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marcosolo, 13. Januar 2006 09:44:28 MEZ
US-Terrorverdächtiger Padilla bekennt sich "nicht schuldig"
BERN - Der seit mehr als drei Jahren wegen Terrorverdachts inhaftierte US-Bürger José Padilla hat die gegen ihn erhobenen Terrorismusvorwürfe zurückgewiesen. Er plädierte bei bei einer Anhörung vor einem Gericht in Miami auf nicht schuldig.
Padilla stritt ab, an einer "Verschwörung zu Mord, Entführung und Verstümmelung" von Menschen bei Anschlägen im Ausland beteiligt gewesen zu sein und Terroristen unterstützt zu haben. Richter Barry Garber lehnte eine Freilassung unter Auflagen ab, da Padilla eine Gefahr für die Gesellschaft darstelle.
Es war das erste Mal seit seiner Festnahme im Mai 2002, dass Padilla die Gelegenheit hatte, auf die gegen ihn erhobenen Vorwürfe zu antworten. Der zum Islam konvertierte Mann, der früher einer Strassenbande in Chicago angehörte, war im Mai 2002 bei seiner Rückkehr aus Pakistan in den USA von der Bundespolizei FBI festgenommen worden.
Er wurde als "feindlicher Kämpfer" unter dem Vorwurf inhaftiert, er habe geplant, eine radioaktive Bombe auf US-Boden zu zünden. Eine entsprechende Anklage wurde aber nie erhoben.
Kurz vor einer anstehenden Entscheidung des Obersten US-Gerichtshofes über die Rechtmässigkeit von Padillas Militärgefangenschaft entschloss sich das US-Justizministerium, seinen Fall der Ziviljustiz zu übertragen und ihn wegen anderer Verbrechen anzuklagen. Der ursprüngliche Vorwurf eines geplanten Bombenattentats tauchte nicht wieder auf.
marcosolo, 2. April 2004 20:59:23 MESZ
First Amendment, Schmirst Amendment
"You can look through 'em all."
U p to his ears in legal documents, P hillip D ean is fed up with the judicial system.
" T hat's the kind of court system we've got in J ackson C ounty , A labama and I want everybody to know , " Dean says.
S o he put a sign in his front lawn saying "Our Court System Is a Joke."
A message landing him behind bars.
" I was in a cell about four foot wide and six foot long and nothing in it but a toilet , " he explains.
A rrest orders signed by J udge H aralson claim D ean to be in direct contempt of court , even though the sign is on C ounty R oad 107, not in the county courthouse.
"T he signs were so derogatory to the court they could not be ignored ," Haralson responds in a local paper.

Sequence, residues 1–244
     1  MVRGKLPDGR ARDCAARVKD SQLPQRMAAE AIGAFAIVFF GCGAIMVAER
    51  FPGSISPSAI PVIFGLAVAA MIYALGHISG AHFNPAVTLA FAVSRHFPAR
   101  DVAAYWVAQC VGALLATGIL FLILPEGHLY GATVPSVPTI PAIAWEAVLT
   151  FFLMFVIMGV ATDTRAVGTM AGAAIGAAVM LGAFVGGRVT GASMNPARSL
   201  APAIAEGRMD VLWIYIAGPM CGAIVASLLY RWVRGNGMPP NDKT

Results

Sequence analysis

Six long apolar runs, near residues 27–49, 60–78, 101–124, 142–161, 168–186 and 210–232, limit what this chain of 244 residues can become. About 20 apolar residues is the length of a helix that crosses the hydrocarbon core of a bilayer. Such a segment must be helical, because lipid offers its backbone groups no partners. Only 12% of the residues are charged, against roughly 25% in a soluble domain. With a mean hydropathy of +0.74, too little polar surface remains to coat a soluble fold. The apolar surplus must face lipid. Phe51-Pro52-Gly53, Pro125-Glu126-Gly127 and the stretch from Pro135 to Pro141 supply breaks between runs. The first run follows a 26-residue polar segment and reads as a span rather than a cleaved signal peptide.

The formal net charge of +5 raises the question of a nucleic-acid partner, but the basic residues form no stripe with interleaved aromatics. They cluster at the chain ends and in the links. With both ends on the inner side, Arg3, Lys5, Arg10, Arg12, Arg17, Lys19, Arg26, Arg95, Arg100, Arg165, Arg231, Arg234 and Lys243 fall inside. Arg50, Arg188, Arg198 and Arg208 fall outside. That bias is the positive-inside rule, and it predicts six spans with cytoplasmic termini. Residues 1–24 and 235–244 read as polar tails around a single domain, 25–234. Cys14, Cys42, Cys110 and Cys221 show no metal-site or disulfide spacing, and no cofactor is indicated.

W ith D ean locked up, the signs were removed.
" B efore they would let me go in front of J udge H aralson , " Dean says. " T hey put leg shackles, they put handcuffs, they put chains from my legs up to my waist. they put a chain around my waist. they put chains from my waist up here and had my hands pulled up like this."
W ith an apology, H aralson released D ean after a day in jail , but the experience leaves D ean with unanswered questions.
" W hen it gets to where a man hadn't got any free speech in this world, what has he got?" he asks.
A nswers he hopes to find with a message already back in place.
Alabama judiciary panel scolds judge who jailed man over yard signs
SKYLINE, Ala. - A man jailed for contempt for displaying yard signs critical of a Jackson County judge eventually got the signs back and was able to give the judge some advice - from a panel that investigates judges.
Circuit Judge Wallace Haralson said on March 17 that he received a letter from the state Judicial Inquiry Commission asking him "to be more judicious in the future toward arresting powers."
The letter stemmed from Haralson's order for Sheriff Mike Wells to arrest Phillip Dean of Skyline last August for yard signs criticizing the judge in a custody battle over Dean's two daughters.
One sign said: "Our court system is a joke," while others were critical of the judge for returning Dean's children to his ex-wife.
"I don't understand how the system can lock me up for a sign on my own private property," Dean told The Huntsville Times in a story yesterday.
The sign saying the "court system is a joke" remains in the yard, but several more were still put away yesterday. Dean said he planned to put the signs back in his front yard.
Dean said deputies took the signs from his property without a warrant and that he was jailed for about 12 hours after being arrested on Haralson's contempt order.
Dean said he was released and the signs were returned after his attorney told Haralson that the judge had violated Dean's free-speech rights. Dean said Haralson apologized soon after, although the judge said his comment was more like "I'm sorry I had to lock you up."
The attorney did not immediately return a phone message for comment yesterday.
Dean complained to the state Judicial Inquiry Commission about Haralson in December. Haralson said he received the letter from the JIC in February asking him to be more judicious about ordering arrests.
Haralson said the commission took no other action and exonerated him.
Dean said JIC Chairman Randall L. Cole, a DeKalb County circuit judge, informed him in a Feb. 3 letter that his complaint had received "serious attention and has resulted in appropriate action."
Cole said state law prevented the commission from disclosing its findings but that Dean's complaint "served a useful purpose."
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